Thanet council is proposing to ditch arrangements with East Kent Housing and bring its social housing service back under authority control.
Cabinet members are expected to approve moves to put the plans out to council property residents for consultation next month with a report coming back to council early next year.
The action comes on the heels of revelations earlier this year that hundreds of council property tenants across east Kent had been awaiting gas safety certificates due to overdue Landlord Gas Safety Register assessments.
It then emerged that there were also grave concerns over potential further issues with electrical certification, lifts, fire safety and legionella testing.
The issue of electrical safety certification was first raised by former Thanet councillor Suzanne Brimm some three years ago.
In addition there was the possibility of a criminal case being brought due to contractor P&R overpayments to which could ‘constitute fraud.
P&R has terminated its contract with EKH and work is currently being undertaken by Swale Heating.’
East Kent Housing (EKH) was launched on 1 April 2011 to look after the housing stock for Canterbury City Council, Dover District Council, Folkestone and Hythe District Council and Thanet District Council, amounting to some 17,000 properties.
Following the concerns the councils had to self-refer to the Regulator for Social Housing (RSH) which decided they were non-compliant, resulting in a Regulatory Notice being issued. The notice remains ‘live’ for 12 months or until full compliance is achieved.
The four councils have appointed Pennington Choices Ltd, a housing consultancy service, to undertake a review of health and safety management. The resulting report is due to be completed by late November.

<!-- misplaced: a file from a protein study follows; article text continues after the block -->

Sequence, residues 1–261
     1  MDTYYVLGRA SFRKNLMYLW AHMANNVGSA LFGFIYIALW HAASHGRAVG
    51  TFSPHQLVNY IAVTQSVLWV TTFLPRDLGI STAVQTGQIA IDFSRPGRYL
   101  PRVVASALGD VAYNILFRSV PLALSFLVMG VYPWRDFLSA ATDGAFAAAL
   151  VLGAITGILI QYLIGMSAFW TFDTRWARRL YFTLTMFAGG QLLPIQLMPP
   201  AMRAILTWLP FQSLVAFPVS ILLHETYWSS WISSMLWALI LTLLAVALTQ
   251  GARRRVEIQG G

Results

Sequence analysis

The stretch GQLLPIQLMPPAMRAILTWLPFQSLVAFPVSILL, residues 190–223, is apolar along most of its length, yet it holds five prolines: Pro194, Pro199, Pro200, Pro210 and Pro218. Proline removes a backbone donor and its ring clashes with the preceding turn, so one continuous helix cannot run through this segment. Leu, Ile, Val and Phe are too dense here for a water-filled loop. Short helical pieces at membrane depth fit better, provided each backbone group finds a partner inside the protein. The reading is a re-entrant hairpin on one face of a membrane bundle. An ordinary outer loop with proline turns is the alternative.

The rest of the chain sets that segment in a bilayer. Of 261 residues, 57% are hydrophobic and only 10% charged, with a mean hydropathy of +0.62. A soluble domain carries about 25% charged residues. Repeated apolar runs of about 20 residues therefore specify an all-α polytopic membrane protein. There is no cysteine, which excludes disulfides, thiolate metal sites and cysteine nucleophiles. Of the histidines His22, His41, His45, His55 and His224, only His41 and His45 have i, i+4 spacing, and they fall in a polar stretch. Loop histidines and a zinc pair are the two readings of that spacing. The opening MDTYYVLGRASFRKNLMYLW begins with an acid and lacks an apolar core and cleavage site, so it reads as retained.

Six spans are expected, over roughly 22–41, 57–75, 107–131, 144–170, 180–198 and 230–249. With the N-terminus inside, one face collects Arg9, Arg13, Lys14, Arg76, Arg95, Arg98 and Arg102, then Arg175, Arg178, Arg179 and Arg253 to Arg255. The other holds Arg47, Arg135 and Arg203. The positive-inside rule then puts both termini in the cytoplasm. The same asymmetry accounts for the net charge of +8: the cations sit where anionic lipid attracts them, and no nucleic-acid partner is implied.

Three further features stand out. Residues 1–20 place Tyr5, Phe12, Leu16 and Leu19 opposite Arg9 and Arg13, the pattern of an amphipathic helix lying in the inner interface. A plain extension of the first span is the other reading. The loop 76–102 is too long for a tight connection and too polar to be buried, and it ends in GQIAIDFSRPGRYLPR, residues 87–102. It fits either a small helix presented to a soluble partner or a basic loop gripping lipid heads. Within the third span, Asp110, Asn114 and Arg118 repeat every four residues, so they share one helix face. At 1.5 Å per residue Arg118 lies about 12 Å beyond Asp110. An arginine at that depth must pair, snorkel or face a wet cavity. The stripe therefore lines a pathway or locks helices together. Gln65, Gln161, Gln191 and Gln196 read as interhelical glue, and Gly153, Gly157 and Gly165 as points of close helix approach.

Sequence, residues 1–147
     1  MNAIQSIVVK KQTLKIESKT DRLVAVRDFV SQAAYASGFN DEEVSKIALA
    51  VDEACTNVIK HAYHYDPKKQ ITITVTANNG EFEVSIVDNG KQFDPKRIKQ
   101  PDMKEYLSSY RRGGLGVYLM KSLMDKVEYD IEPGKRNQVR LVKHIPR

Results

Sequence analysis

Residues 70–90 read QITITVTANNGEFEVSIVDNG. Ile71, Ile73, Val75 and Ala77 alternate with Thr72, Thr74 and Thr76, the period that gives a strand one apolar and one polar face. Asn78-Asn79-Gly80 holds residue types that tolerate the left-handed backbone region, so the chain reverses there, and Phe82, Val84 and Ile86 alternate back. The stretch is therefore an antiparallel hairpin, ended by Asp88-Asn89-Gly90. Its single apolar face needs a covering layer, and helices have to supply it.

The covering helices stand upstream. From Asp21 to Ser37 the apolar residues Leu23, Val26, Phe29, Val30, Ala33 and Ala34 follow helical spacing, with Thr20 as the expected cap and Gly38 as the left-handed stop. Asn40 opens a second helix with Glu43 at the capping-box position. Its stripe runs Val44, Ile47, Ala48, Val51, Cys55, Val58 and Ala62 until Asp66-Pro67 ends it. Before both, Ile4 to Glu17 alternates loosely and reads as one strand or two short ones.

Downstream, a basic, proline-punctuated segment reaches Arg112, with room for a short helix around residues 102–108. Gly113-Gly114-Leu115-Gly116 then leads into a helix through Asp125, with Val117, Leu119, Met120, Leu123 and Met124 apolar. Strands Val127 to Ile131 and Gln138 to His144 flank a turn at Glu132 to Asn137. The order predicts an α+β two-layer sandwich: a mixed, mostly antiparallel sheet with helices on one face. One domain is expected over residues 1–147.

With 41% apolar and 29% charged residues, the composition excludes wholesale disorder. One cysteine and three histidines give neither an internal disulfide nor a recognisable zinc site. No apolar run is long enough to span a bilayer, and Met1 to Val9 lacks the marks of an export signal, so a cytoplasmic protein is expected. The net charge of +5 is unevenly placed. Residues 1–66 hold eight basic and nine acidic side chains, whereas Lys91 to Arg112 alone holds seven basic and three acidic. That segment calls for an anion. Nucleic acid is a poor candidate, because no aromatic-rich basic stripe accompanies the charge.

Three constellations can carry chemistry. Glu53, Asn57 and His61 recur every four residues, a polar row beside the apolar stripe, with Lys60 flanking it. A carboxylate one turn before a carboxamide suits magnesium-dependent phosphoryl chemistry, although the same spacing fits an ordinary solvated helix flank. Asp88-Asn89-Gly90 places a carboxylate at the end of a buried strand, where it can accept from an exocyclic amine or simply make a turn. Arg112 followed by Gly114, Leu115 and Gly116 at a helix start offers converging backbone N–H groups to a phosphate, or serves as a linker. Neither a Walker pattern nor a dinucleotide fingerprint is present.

Thanet council owns 3,426 homes, mostly houses (51%), medium to high-rise flats (42%) and low-rise flats (7%), with around 3,033 tenants and 393 leaseholders. A report to Cabinet members says: “Serious issues regarding performance, compliance and procurement support by EKH have had a detrimental impact on the model. This has resulted in a general loss of confidence in EKH by the four authorities, whose priority remains that tenants living in council housing properties are kept safe and receive the best possible service.”
Four options will be considered:
Option 1: Retain and refocus the current EKH ALMO arrangement.
Option 2: Withdraw from EKH and return the provision of housing management services back in-house under direct management of each council.
Option 3: Withdraw from EKH and form a new shared housing service with one or more of the other councils (this would not be an ALMO).
Option 4: Withdraw from EKH and outsource the service to one or more external providers
Bringing services back in-house, is the preferred option. The document to Cabinet members says: “Option 2 (the in-house option) offers the best opportunity to make improvements and provides each council with the strongest levels of control. This option puts the housing management service in a better position in relation to each council’s wider corporate plan priorities to secure improved outcomes for residents.
It will be necessary to look at how this option will address elected member and resident engagement and there are various options that could be pursued. For example, an elected members and residents committee may overcome / replace the loss of the ALMO Board under the in-house option. However, if the council does agree in principle to progress the in-house option, it is recommended that further exploration should also be given to future shared service opportunities.”
If agreed a 5 week consultation will run across the four council areas between Tuesday, October 22 to Friday, December 20.
The results will go to the Overview and Scrutiny Panel and Cabinet in early 2020 for consideration and decision.
Thanet’s Labour Party had previously called for Thanet’s social housing to be brought back under direct authority management.